Here the stone leapt up from the plain of earth, leapt up in a manifold, clustered desire each time, up, away from the horizontal earth, through twilight and dusk and the whole range of desire, through the swerving, the declination, ah, to the ecstasy, the touch, to the meeting and the consummation, the meeting, the clasp, the close embrace, the neutrality, the perfect, swooning consummation, the timeless ecstasy. There his soul remained, at the apex of the arch, clinched in the timeless ecstasy, consummated. (Extract from The Rainbow by DH Lawrence)

As a youth I was besotted with DH Lawrence and obsessed with Women in Love, a book I repeatedly reread as if hypnotised by the potency of Lawrence’s prose. It was therefore with some trepidation that I settled down late one evening to watch Ken Russell’s 1969 Oscar-winning screen version for the first time: was I setting myself up for another colossal letdown?

On the contrary, I was absolutely swept away by Russell’s exhilarating and dazzling interpretation of the story and it remains one of my favourite films to this day. Many movie and TV versions of Lawrence’s books are almost too reverential to the text and attempt to film the unfilmable, relegating them to the “worthy but dull” category. Russell somehow seems to effortlessly sidestep all these potential pitfalls in Women in Love. The maverick film director has used the full extent of his wild and vivid imagination to conjure up from the pages of the book a vibrant, colourful world brimming with energy, wit and style, without ever giving short thrift to Lawrence’s visionary intelligence.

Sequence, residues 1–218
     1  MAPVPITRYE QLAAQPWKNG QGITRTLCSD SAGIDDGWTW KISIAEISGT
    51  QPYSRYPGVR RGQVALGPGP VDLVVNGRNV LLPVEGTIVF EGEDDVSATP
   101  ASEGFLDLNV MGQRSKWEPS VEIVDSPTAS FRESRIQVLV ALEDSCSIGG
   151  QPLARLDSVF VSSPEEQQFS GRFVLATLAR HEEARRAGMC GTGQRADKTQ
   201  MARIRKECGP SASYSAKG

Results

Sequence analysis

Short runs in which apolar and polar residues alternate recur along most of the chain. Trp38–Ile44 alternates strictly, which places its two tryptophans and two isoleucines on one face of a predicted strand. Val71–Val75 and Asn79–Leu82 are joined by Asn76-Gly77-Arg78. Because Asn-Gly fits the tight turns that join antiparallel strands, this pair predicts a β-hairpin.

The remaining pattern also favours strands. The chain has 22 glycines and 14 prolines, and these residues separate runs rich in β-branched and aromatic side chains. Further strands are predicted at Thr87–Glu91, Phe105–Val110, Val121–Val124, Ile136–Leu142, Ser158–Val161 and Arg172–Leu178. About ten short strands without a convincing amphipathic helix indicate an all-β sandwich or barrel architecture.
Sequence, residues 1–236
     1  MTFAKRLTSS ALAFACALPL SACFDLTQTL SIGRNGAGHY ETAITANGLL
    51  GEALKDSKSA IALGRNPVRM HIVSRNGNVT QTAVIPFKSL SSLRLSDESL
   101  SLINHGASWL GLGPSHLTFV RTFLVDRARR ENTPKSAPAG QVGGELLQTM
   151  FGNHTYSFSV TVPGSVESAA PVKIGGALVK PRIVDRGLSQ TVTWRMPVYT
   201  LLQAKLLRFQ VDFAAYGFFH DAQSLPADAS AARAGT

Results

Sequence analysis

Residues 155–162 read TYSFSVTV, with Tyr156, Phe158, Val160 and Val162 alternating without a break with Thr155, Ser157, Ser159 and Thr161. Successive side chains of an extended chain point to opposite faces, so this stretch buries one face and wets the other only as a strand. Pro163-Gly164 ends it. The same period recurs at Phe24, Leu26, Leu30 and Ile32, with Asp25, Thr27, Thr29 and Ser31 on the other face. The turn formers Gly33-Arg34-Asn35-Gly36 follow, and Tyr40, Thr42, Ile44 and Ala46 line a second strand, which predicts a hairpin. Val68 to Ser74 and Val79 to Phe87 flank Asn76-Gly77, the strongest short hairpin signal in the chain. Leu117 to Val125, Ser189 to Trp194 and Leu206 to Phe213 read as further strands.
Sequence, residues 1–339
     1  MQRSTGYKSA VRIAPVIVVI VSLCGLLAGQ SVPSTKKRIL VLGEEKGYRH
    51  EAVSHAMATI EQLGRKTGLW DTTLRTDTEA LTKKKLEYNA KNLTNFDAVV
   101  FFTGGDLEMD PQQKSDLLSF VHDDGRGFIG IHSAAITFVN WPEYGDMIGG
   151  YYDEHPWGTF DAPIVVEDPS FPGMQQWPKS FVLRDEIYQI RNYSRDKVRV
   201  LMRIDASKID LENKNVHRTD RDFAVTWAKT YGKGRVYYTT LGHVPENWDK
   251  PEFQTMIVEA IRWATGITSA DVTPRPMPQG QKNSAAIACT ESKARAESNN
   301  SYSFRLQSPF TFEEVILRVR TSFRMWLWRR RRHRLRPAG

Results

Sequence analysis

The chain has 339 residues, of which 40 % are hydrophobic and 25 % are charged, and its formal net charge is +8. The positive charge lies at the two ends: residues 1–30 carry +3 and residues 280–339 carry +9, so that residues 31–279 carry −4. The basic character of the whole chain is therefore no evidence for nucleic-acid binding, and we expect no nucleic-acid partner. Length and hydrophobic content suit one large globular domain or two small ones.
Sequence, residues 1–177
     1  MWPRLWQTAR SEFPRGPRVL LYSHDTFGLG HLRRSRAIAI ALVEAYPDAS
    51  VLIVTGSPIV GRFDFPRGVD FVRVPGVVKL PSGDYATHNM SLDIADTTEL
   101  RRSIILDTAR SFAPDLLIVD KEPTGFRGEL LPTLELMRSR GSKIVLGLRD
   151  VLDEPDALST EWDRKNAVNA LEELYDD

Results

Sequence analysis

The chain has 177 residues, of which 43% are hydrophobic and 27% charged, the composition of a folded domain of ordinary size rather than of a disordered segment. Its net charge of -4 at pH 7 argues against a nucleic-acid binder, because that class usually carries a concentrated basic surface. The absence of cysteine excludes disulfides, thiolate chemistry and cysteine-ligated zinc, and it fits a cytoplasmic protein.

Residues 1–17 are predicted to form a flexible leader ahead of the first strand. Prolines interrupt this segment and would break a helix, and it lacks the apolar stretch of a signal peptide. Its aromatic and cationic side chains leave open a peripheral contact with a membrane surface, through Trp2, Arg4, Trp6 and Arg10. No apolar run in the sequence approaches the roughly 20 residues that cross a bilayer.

Women in Love proved to me that it is possible to make a great movie from a classic work of literature when the project is placed in the hands of a daring genius. Ken Russell’s adaptation of this great novel is a film genuinely worthy of its source, full of powerful, striking scenes which dramatically capture Lawrence’s intensity. It is teeming with unforgettable visual set pieces: the newly wed drowned lovers forever caught embracing at the bottom of the drained lake, the extraordinarily visceral naked male wrestling contest, an inspired Glenda Jackson as the bohemian Gudren dancing amongst cattle in a meadow, the beautiful lyrically choreographed courtship movement leading to Birkin’s and Ursula’s first kiss. The film is a veritable feast of visual delights which reflect Lawrence’s passion, sensuality and desire to connect with the primal forces of nature.

Then there are wonderfully successful films which are clearly, and quite deliberately, different to the classic books they are supposedly based upon, whereby both film and book can continue to be equally admired despite their disparities. Hollywood’s take on Truman Capote’s Breakfast at Tiffany’s, is a feel good romance with a happy ending, totally at odds with the book, but who could ever resist Audrey Hepburn as Holly Golightly singing Moon River?